To paint or not to paint? That's the question for many about-to-be vendors. The answer, like everything in real estate, comes in subtle shades of grey (cream, tea and hundreds of other shades of paint).

If your house is fully renovated, the paint needs to be perfect, says Barfoot & Thompson agent Ryan Harding. If it's a total do-up you're probably not going to add value by spending thousands on paint.

It's the in-between homes where some extra thought needs to go in, says Harding. Money spent on paint might make the photos look good, but the buyers won't be deceived when they arrive. "Ultimately the better the home in terms of its condition, the higher the standard of the paint needs to be," says Harding.

The old adage about first impressions really does count, says Karen Warman, marketing manager at Resene. "That doesn't mean you need a full exterior repaint," she says. "If your paint is in sound condition, a quick wash down with a detergent such as Resene Paint Prep and Housewash will help (give) your paintwork a fresher look."


Sometimes it's worth ticking off the priority areas rather than trying to do a full repaint.

Painting the front door and letterbox pays off, says Warman. "This can easily be done in an afternoon and can help your home appeal to potential buyers."

Most of the rest of your effort should be focused indoors, as this is where most buyers will spend their time considering your home, says Warman.

Often kitchens and bathrooms can benefit from a repaint. If you have an older kitchen or bathroom, start by repainting the cabinetry, tiles and laminates. While many buyers plan to replace these areas, they may need to live with them the way they are for some months, if not longer, says Warman.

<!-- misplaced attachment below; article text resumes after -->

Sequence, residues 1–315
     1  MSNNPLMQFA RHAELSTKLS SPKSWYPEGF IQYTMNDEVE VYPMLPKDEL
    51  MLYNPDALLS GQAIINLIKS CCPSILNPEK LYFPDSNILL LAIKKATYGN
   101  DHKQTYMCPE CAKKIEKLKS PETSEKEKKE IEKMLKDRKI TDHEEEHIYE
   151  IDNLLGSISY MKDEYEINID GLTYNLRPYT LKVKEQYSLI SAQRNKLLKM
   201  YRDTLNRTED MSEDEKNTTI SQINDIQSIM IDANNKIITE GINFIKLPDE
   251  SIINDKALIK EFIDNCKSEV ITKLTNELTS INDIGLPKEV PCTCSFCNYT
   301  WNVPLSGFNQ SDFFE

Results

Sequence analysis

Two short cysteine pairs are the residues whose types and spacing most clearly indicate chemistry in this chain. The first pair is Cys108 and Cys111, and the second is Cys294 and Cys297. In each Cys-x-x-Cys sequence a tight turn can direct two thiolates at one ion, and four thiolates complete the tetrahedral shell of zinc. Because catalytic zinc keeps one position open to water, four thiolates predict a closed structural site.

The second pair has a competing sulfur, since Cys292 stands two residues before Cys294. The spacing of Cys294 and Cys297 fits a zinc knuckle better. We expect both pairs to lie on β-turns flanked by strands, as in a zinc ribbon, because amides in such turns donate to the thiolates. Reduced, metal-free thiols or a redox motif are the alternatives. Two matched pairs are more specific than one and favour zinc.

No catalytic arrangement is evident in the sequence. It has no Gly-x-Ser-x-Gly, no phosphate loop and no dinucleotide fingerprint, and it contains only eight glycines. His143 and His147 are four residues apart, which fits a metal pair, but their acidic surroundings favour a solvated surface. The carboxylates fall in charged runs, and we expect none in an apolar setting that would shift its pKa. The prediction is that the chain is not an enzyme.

When looking at walls don't be tempted to touch up small areas. It's usually easier to just repaint the wall than try and touch up spots in the middle of it. Inevitably the touch up area ends up very visible, says Warman.

If you have polarising wallpaper or loud paint colours that make rooms look smaller, you might want to consider painting over them or replacing it with something more neutral, says Warman.

Harding says out of date colours from earlier decades, or unusual colours, should be repainted in neutral.

That doesn't mean stark white, says Harding, unless the home is truly minimalist and designed for that colour. Shades such as Resene Black White are better, he says.


Invariably when Harding and his colleagues see paint jobs that really impress, the homeowner has paid for the services of a colour consultant.

If you have the time and the budget, fresh paintwork throughout can be very appealing for many buyers, says Warman.

"Often the trim and ceiling may be in good condition and all that is needed is a couple of coats of wall paint throughout your home to get your home looking like new."